Rare Aussie animal you can only see at one zoo

These tiny grassland earless dragons are near impossible to spot in the wild, and until recently it was believed they were extinct.

Visitors to an Australian zoo are able to view an elusive reptile only a handful of people have seen in the wild. The tiny Victorian grassland earless dragon was thought to be extinct until 2023 when it was rediscovered at the site of a proposed housing development.

The location of the Victorian rediscovery site is a closely guarded secret. So if you’re wanting to see this rare and unusual creature, the only place to do so is at a tiny exhibit near the entrance of Melbourne Zoo.

“Not a lot is known about them. They’re quite a cryptic little species and they’re hard to observe in the wild,” the dragon's specialist keeper Rory Keenan told Yahoo News.

Rory Keenan standing in front of rows of Victorian grassland earless dragons cages.
Rory Keenan is the Victorian grassland earless dragons specialist keeper. Source: Jo Howell, Zoos Victoria

Grassland earless dragons are reddish-brown in colour and weigh no more than seven grams, and adults are just 5cm long. They live underground in tiny burrows and are referred to as a Goldilocks species because they require conditions that are "just right" to survive.

Because over 99 per cent of the Victorian dragon’s habitat has already been destroyed, the zoo has collected 32 from the wild and established a conservation breeding program. From 10 breeding pairs they’ve hatched out 51 babies.

The dragons are protected by biosecurity controls to keep them safe from diseases that could wipe the colony out. Inside the environmentally-controlled enclosure are rows of metre-long cages containing grass tussocks and burrows they need to thrive.

Related: Hunt for tiny Aussie animal not seen since 1990s: 'Time is running out'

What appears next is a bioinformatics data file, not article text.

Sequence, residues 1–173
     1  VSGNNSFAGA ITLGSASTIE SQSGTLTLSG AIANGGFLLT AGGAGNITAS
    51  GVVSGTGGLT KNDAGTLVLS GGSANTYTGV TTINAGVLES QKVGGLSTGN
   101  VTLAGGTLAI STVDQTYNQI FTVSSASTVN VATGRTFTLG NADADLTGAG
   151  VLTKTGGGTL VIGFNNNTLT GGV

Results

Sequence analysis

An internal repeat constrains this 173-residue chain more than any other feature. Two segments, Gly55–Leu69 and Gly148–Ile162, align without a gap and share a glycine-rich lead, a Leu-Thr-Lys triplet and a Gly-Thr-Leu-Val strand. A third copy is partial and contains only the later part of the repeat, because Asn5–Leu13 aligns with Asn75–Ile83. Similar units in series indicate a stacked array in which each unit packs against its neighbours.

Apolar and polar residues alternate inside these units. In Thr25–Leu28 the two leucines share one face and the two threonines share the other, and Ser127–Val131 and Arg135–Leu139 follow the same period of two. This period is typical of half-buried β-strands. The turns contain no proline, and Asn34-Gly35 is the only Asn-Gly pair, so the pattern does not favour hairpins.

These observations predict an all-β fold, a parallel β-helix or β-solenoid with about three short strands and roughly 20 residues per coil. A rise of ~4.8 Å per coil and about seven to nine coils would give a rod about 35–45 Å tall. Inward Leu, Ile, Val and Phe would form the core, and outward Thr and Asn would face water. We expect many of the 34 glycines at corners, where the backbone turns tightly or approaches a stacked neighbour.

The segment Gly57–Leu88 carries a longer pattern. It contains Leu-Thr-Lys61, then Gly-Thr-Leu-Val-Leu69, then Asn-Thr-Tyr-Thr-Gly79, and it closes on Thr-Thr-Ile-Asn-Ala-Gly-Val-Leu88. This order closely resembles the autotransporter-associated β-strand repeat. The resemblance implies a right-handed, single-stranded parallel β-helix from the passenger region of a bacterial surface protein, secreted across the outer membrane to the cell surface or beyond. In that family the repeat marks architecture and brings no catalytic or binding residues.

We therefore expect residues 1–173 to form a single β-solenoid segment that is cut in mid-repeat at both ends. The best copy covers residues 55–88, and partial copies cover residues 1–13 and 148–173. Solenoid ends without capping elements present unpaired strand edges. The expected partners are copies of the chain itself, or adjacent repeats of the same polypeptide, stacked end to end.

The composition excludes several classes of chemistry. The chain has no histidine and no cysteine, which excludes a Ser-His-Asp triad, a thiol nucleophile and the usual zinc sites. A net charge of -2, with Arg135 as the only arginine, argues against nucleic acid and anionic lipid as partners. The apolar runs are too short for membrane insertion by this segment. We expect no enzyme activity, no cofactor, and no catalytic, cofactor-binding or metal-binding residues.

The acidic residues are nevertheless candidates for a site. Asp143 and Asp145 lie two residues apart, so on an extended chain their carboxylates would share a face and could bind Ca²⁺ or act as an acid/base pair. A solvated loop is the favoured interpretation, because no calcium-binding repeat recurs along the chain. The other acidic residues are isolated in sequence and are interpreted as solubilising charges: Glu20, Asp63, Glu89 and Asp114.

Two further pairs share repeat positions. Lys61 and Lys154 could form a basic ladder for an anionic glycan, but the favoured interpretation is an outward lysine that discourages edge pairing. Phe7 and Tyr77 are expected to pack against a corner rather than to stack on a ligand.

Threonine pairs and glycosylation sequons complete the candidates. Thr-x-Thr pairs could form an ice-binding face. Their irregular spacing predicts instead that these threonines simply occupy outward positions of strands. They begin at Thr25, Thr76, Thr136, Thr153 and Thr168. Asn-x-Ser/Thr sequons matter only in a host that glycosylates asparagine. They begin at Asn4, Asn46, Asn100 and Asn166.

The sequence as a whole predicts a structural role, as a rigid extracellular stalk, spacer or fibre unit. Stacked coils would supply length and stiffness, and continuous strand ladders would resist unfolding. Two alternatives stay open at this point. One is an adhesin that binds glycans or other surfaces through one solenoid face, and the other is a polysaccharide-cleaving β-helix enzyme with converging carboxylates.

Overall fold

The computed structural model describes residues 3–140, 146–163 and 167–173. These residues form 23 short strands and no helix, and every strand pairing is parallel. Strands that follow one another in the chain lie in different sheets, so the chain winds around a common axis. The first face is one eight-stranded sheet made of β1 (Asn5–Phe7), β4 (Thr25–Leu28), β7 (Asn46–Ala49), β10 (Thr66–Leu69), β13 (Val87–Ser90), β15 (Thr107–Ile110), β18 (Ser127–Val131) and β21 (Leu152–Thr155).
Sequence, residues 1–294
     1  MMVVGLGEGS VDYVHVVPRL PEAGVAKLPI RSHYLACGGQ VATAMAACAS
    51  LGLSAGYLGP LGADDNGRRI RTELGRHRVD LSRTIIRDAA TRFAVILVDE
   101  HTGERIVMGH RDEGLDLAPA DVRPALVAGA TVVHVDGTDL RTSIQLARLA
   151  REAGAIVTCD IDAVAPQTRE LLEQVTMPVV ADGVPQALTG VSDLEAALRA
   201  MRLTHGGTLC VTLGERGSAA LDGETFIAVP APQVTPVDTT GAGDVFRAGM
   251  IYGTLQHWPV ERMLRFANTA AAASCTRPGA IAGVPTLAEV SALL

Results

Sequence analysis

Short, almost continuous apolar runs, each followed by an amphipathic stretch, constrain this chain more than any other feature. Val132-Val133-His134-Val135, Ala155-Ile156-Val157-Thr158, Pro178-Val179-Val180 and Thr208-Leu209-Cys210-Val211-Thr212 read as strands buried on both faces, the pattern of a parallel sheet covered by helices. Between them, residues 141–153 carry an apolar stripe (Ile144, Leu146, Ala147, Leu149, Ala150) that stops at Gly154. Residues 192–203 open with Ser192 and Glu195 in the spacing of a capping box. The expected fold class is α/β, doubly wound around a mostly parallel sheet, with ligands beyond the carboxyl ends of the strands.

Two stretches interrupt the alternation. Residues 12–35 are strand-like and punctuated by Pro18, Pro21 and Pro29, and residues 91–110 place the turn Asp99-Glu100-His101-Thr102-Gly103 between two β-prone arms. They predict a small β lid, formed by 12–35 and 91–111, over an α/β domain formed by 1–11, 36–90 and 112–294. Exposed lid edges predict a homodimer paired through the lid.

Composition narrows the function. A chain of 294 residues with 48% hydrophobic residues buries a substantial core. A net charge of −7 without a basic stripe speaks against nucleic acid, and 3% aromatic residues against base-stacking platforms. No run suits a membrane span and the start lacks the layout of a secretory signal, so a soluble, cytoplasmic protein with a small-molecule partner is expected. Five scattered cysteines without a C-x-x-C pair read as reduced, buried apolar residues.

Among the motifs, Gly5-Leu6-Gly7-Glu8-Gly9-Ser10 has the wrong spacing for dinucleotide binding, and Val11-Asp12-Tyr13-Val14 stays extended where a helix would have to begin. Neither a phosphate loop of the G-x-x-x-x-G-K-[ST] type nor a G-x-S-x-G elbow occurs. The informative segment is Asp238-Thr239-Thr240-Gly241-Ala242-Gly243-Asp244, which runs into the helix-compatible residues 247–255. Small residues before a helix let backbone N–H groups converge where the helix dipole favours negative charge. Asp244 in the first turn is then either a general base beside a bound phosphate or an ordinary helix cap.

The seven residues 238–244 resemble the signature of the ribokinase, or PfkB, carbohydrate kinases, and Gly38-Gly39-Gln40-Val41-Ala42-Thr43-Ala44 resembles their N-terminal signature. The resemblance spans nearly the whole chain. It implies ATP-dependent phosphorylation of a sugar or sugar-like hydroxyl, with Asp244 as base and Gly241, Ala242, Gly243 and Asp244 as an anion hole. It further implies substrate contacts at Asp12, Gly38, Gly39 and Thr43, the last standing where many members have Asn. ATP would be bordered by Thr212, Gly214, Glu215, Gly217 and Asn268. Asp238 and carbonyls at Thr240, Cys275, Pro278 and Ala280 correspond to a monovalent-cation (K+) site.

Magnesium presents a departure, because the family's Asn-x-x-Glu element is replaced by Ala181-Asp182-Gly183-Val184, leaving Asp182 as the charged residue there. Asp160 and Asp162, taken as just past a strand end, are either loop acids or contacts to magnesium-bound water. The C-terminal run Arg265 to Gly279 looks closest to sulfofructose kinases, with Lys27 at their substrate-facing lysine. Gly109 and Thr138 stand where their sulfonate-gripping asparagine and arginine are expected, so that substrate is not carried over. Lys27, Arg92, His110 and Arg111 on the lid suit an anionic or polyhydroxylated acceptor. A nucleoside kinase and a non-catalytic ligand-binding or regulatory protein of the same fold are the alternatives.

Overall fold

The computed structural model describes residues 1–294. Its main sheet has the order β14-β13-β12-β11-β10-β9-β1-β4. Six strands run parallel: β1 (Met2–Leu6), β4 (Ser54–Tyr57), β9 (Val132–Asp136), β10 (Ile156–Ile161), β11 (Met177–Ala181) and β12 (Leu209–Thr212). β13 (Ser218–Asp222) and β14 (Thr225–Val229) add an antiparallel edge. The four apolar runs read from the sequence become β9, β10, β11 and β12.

A Victorian grassland earless dragon in a natural looking environment.
Conditions inside Victorian grassland earless dragon enclosures are designed to mimic their natural environment. Source: Jo Howell, Zoos Victoria

“Nerve-racking” is how Keenan describes the weight of caring for such a rare species, and he admits to having many sleepless nights because he’s responsible for what could be half of the entire population of the species.

Keenan learned how to care for Victoria’s dragons by working for five years on a captive breeding program for the closely related critically endangered Canberra grassland earless dragon.

All remaining populations of dragons across the country are on the brink of extinction. In 2019, a survey of the Canberra species counted hundreds in the wild, but this year they only counted 11. The hunt is now on to see if the Bathurst species still exists – it hasn’t been spotted since the 1990s. While the Monaro dragon is doing slightly better, it is still listed as endangered which is just two notches above extinct.

Related: Rare Aussie creature not seen in 40 years rediscovered hiding under long grass

A Victorian grassland earless dragon standing on top of some leaves and sticks.
Victorian grassland earless dragons have lost 99 per cent of their native habitat. Source: Jo Howell, Zoos Victoria

When it comes to the Victorian species, planning authorities have not yet revealed how much of its potential habitat will be bulldozed for new housing and how much will be protected to help prevent its extinction in the wild.

Speaking generally about the plight of all dragon species, Keenan admits their situation in the wild is “concerning”. But he has more to add. “I also feel like there’s hope for these types of cryptic species that could be holding on in small areas just on the brink of extinction. It’s really important not to give up.”

The Melbourne Zoo conservation breeding program now has a target of establishing a population of 500 animals, and plans to eventually set up more breeding colonies.

“I think our next step would ideally be to move animals into more outdoor naturalistic set-ups where they’re exposed to the natural elements,” Keenan said. “And then the key thing is to secure habitat and to ensure further loss of habitat doesn’t occur.”

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